2009 World Cruise – Jan 8 – Day 4 – Cartagena, Colombia

2009 World Cruise  – We were up at 6:45 in order to have lots of time before our first tour of the cruise.  Thank heaven for room service breakfasts.

Our home for the next four+ months.img_3123 img_3124Cartagena de Indias was founded in 1533 and became a major port for Spanish ships taking gold and other products from northern  South America.  The city also became a center for the Inquisition and a major slave market.  The province declared its independence from Spain in 1811 and years of civil war followed.  Today the city is Colombia’s fifth largest, mainly due to petroleum fields discovered in the Rio Magdalena Valley in 1917.

The first stop on our tour was Castillo de San Felipe de Barajas, a massive stone fortress that covers a hill 135 feet above sea level.  it was originally built in the 1600’s and named after Spain’s King Philip IV.  Over the years it was re-fortified and expanded.  In front of the fortress is a statue of Don Blas de Lezo, a Spanish Admiral who defended the fortress and city from an attack by Great Britain in 1741. (If you look closely at the statue you will notice the empty right sleeve – hence the left-handed swordsman – and a wooden left leg.  Don de Lezo lost these limbs in other battles and also lost an eye – brave and persevering fellow, I think.)img_2569_edited-1img_2572 img_2571  The view over the city was magnificent.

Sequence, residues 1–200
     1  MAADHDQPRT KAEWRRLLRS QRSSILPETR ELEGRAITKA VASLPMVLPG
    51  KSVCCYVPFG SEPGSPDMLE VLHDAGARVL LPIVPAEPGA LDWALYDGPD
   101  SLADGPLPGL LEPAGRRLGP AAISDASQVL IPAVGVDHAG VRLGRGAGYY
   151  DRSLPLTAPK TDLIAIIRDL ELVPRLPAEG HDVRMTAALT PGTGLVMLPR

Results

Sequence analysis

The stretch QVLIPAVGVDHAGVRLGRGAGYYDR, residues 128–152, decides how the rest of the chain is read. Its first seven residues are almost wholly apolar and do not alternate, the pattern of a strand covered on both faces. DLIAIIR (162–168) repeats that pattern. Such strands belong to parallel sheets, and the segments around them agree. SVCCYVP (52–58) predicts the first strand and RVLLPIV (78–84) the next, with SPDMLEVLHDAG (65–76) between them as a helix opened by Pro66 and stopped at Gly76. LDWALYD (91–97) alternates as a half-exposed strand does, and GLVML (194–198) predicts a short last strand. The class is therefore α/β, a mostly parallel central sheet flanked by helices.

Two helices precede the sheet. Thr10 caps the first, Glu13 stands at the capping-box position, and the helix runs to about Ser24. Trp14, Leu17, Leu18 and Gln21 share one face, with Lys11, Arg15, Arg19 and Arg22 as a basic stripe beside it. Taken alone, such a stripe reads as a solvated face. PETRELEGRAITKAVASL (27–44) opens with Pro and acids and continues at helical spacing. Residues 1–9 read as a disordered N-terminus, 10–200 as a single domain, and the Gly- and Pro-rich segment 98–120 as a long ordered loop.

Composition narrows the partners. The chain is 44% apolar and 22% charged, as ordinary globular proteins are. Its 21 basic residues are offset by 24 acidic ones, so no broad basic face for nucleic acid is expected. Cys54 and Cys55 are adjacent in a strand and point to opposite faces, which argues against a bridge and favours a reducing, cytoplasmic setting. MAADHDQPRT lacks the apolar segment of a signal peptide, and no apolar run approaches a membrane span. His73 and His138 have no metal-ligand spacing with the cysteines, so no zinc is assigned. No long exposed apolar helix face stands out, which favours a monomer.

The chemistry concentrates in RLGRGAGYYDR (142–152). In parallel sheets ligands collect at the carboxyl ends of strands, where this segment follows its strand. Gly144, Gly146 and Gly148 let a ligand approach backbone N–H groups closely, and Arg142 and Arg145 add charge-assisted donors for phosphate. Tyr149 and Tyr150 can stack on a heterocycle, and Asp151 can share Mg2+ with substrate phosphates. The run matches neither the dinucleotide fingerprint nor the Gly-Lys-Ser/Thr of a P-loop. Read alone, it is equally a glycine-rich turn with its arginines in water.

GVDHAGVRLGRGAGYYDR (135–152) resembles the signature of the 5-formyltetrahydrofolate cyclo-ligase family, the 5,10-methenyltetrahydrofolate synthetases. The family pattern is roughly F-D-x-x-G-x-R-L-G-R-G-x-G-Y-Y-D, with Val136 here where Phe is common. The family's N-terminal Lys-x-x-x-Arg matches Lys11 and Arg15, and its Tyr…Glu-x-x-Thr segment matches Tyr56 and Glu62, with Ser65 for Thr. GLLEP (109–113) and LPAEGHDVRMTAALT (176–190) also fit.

img_2579 img_2580_edited-1 img_2583_edited-1After we toured the fortress we had a walking tour through the narrow streets of the Old Town.

img_2584 img_2590 img_2593 img_2596_edited-1 img_2597In a park there is a statue of national hero Simon Bolivar, who defeated the Spanish and liberated most of South America.  He died Dec 17, 1880 from, it is commonly believed, tuberculosis (known at the time as Galloping Consumption).

(FYI – It is commonly held – although not universally adhered to (as proven by this statue) – that the position of the legs of the horse in an equestrian statue signify the death of the rider.  If the horse is rearing with both front legs off the ground, the rider is said to have died in battle.  If only one front leg is off the ground, the rider was wounded in battle and died of his wounds later.  If all four feet of the horse are on the ground, the rider survived any battles and died later of other causes.  Just so you know.)  img_2605 img_2601 All in all, it was a good first port-of-call and an interesting tour on a nice day.

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